AuthorsGordon, Charles T.
Frazier, Jean A.
Giedd, Jay N.
Zametkin, A. J.
Zahn, Theodore P.
Hommer, Daniel W.
Hong, Walter L.
Albus, K. E.
UMass Chan AffiliationsDepartment of Psychiatry
Document TypeJournal Article
National Institute of Mental Health (U.S.)
MetadataShow full item record
AbstractAn ongoing study of the phenomenology, genetics, neuropsychology, physiology (eye tracking, autonomic responsivity), neuroimaging, biochemistry, and pharmacology of childhood-onset schizophrenia is described, and pilot data are presented for the first 22 subjects. Differentiation from autism "spectrum" disorders and other poorly defined, severe neurodevelopmental disorders is needed. Eye tracking and autonomic results are similar to patterns seen in later-onset schizophrenia and possibly more striking. Magnetic resonance imaging showed larger left frontal ventricular horn area for the schizophrenia subjects, larger left caudate, and lack of normal caudate asymmetry. Fluorodeoxyglucose positron emission tomography during an auditory continuous performance task revealed decreased right parietal/occipital glucose metabolic rate in the schizophrenia subjects, which may be secondary to poor attentional performance, and increased glucose metabolic rate in three left frontal regions, a left parietal region, and the right putamen. Clozapine has been effective and well tolerated in an open trial with 12 adolescents who responded poorly to typical neuroleptics; 16 subjects have been enrolled in a double-blind comparison of haloperidol and clozapine. Longitudinal study of this narrowly defined and possibly more homogeneous group of very early-onset schizophrenia subjects will be relevant to current neurodevelopmental theories addressing the role of puberty, progression of pathology, and continuity or discontinuity with later-onset schizophrenia.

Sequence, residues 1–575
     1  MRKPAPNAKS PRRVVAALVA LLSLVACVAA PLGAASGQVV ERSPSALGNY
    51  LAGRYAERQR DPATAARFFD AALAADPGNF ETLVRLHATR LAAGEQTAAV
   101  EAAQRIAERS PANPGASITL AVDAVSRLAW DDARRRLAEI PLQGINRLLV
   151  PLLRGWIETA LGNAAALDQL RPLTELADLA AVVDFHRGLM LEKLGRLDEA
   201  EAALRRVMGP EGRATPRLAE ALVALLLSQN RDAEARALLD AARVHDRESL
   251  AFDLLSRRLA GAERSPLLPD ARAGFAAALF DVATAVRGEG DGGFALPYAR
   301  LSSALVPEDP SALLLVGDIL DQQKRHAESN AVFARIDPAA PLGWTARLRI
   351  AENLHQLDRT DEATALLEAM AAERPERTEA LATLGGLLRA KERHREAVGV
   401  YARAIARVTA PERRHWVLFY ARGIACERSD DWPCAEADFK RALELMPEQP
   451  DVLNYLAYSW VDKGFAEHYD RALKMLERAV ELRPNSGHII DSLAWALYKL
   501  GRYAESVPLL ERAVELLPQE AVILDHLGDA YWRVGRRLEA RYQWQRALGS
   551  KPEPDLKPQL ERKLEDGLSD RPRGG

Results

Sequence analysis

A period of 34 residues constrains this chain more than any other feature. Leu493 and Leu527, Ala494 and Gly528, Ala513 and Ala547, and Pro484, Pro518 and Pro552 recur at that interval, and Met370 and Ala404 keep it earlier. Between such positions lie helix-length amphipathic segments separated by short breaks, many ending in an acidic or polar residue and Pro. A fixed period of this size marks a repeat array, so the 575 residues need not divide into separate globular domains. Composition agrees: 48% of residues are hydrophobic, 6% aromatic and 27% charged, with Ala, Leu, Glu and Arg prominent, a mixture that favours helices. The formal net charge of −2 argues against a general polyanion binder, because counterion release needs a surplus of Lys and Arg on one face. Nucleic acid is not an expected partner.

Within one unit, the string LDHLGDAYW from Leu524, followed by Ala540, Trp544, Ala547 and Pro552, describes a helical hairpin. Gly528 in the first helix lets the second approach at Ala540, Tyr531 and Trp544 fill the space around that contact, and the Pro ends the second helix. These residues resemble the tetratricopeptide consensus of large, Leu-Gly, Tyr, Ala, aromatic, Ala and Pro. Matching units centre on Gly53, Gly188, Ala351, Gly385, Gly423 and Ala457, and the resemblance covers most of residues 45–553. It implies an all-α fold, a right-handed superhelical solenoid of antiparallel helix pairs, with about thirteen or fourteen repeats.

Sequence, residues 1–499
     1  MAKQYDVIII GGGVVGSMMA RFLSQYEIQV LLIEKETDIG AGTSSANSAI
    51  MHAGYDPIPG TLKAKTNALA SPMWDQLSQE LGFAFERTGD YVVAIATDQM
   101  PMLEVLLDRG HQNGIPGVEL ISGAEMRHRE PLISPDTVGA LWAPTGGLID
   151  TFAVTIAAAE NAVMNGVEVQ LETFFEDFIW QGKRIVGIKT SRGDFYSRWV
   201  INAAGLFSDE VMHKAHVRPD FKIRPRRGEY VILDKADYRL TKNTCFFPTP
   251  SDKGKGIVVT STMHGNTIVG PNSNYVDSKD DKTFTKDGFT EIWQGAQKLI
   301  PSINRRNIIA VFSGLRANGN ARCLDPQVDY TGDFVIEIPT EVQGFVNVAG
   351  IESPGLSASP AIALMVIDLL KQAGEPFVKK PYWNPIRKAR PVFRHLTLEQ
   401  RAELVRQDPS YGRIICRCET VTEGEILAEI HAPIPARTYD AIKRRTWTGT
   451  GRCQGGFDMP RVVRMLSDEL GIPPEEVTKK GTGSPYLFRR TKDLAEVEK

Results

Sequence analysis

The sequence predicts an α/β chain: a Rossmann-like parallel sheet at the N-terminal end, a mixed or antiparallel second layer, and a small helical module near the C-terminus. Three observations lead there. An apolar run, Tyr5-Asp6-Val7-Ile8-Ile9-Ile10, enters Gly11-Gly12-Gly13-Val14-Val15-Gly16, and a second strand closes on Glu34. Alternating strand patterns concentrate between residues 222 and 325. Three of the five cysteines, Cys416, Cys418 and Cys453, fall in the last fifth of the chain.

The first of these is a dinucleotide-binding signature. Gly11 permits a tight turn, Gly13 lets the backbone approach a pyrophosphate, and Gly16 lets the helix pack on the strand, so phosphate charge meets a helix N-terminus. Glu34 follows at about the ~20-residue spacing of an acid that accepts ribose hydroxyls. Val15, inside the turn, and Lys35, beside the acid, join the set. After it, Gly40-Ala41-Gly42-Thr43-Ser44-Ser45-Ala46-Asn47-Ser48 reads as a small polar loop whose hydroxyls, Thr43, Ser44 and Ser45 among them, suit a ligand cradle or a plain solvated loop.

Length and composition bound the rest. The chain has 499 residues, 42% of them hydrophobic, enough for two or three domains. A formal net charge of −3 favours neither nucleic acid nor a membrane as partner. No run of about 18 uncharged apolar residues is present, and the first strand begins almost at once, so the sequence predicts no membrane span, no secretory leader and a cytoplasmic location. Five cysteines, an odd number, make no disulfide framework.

SourceSchizophr Bull. 1994;20(4):697-712. doi: 10.1093/schbul/20.4.697
Permanent Link to this Itemhttp://hdl.handle.net/20.500.14038/45912
Related ResourcesLink to Article in PubMed